Atlanta Falcons linebacker Vic Beasley has come a long way. Just a year ago, Beasley was playing through a torn rotator cuff, navigating difficult family issues, and trying desperately to adjust to life as a professional football player. Many Falcons fans wondered aloud whether Beasley was a reach pick and destined for "bust" status. That was, of course, incredibly premature, and Beasley has blown us away with his play in 2016.
Looking ahead the Falcons will rely heavily of Beasley in the playoffs. The defense is improving; each week they get better. But they're banged up and there's still a lot of youth on that side of the ball. It's not necessarily fair to him, but Beasley really does have to put this defense on his back.
The Ringer's Danny Kelly wrote a must-read piece today about Beasley and what he can realistically accomplish in the playoffs. Kelly actually uses game tape to break down all of Beasley's signature moves and gives us some understanding of why he's so freakishly talented. (In short, go read it now, if you haven't already.) Here's an interesting paragraph - please forgive the epic block quote - from Kelly's piece that ought to get you excited:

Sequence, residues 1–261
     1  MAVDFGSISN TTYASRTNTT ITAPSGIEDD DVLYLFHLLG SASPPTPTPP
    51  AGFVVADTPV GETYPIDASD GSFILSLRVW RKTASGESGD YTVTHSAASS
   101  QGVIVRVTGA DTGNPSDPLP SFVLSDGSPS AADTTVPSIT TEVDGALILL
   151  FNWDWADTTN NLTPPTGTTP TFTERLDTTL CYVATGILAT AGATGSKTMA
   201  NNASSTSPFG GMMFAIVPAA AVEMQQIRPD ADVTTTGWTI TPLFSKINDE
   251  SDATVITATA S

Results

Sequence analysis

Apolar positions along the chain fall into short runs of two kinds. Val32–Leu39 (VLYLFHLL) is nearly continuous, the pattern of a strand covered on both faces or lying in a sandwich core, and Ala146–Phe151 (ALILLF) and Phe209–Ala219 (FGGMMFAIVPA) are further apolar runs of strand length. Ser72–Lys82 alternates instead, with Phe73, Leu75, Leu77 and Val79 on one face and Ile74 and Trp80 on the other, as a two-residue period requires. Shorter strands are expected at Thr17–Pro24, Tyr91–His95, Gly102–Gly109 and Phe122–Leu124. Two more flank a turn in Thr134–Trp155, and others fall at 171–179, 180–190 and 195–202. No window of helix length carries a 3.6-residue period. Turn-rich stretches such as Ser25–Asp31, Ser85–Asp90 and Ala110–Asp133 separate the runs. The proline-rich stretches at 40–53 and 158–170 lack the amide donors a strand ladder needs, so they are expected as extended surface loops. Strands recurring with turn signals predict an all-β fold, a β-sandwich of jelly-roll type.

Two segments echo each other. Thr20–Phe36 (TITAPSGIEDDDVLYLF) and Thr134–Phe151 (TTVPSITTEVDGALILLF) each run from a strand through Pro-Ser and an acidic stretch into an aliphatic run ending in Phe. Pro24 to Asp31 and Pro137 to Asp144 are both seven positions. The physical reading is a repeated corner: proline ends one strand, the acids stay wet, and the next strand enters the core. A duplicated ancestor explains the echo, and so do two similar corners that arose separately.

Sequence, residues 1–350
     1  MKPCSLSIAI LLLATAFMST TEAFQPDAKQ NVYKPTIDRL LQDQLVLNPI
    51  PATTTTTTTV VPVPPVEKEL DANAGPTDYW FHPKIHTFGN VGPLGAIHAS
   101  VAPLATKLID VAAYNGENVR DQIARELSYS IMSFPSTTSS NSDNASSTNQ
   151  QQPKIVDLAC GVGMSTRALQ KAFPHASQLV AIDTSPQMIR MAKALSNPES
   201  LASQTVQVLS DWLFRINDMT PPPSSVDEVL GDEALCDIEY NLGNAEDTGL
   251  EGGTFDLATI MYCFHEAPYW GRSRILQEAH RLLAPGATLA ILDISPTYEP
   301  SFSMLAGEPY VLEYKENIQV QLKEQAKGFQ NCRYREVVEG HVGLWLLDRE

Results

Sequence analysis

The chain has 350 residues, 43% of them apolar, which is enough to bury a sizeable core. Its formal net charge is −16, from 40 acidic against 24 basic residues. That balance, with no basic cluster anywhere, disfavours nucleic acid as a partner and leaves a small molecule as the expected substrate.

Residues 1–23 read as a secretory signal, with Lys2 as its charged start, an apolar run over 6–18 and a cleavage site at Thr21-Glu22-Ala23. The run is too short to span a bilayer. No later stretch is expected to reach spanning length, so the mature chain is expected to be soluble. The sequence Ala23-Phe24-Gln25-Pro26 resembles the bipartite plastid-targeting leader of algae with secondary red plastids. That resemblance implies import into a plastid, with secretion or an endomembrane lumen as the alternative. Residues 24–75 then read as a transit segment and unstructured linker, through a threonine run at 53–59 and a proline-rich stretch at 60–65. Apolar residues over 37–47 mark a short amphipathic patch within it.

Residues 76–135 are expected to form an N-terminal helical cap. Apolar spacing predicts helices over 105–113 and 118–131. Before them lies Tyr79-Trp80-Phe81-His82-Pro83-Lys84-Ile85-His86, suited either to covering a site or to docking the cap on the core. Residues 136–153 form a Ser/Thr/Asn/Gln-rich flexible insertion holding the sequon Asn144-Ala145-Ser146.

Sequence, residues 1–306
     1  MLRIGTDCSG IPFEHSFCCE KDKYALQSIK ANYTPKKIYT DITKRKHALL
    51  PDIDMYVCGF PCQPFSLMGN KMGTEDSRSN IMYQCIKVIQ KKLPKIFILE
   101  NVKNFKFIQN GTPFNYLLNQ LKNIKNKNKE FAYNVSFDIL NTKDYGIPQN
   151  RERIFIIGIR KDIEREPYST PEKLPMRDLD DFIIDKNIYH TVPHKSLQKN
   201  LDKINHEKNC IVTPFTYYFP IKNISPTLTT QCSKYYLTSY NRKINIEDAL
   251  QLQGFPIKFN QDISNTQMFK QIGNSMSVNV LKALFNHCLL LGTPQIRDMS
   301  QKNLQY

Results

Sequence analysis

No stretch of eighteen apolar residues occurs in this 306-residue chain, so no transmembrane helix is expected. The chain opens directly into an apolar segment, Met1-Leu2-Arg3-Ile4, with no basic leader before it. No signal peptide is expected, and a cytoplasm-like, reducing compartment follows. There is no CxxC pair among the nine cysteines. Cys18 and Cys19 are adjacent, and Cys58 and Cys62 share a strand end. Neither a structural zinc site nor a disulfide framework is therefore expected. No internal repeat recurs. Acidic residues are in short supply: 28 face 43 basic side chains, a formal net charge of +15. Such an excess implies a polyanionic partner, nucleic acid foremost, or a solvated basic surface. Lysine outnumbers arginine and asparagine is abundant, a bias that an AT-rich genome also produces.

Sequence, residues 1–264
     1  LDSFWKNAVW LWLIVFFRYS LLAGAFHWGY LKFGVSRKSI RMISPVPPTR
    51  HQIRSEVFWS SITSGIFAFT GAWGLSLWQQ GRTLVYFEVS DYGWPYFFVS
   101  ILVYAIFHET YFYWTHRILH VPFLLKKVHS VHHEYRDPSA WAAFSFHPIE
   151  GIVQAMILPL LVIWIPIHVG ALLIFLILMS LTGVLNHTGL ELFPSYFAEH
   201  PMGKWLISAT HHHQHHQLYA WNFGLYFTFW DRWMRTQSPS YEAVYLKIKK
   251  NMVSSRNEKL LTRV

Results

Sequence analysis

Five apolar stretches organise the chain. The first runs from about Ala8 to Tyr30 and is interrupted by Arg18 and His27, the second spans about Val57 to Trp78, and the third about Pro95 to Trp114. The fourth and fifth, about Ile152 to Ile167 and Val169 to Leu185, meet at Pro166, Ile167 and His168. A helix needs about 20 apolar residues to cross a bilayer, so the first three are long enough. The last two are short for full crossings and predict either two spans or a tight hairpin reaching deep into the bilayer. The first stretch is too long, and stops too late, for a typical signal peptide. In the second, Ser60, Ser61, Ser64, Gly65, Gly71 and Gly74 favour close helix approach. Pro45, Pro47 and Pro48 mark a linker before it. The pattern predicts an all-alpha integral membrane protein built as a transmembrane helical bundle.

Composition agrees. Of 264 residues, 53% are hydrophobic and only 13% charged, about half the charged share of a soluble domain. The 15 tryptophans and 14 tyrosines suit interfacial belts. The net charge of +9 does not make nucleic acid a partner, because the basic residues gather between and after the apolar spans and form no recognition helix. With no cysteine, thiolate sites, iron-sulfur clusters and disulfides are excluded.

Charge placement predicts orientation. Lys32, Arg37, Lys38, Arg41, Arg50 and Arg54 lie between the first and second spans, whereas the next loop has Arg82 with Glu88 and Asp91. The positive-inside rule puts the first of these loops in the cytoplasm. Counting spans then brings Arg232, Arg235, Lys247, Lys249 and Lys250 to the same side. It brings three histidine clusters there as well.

Once the playoffs begin, Beasley is going to have a chance to feast. The NFC field is ripe with substandard right tackles: For the Giants, it's Bobby Hart, who ranks 68th in pass protection among offensive tackles, per Pro Football Focus. Seahawks? Garry Gilliam, Bradley Sowell, or both. It won't matter which one it is, because they're both awful — Gilliam ranks 62nd in pass protection, with Sowell at 67th. For the Lions, it's Riley Reiff, or the 42nd-ranked pass-protecting tackle. Even for the Cowboys, who boast the best offensive line in football, Doug Free is the weak link on the right side (ranked 37th). Tampa Bay right tackle Demar Dotson ranks 34th, and Washington's Morgan Moses comes in 20th. In the conference, only the Packers, with Bryan Bulaga (ranked third) field a top-tier pass-protecting right tackle.
This is good news, Falcons fans. From a matchup standpoint, Beasley has the edge. (See what I did there?) But does that answer my question? Can Beasley singlehandedly elevate the defense?
In my opinion, he can, as long as we temper our expectations. We don't need him to make this defense elite; we simply need him to be elite. We know the offense can explode and put a lot of points on the board against pretty much any defense. If that continues going forward, then Beasley need only elevate this defense from bad to mediocre. That will be enough.
So what say you? Can Beasley shoulder this responsibility? Discuss!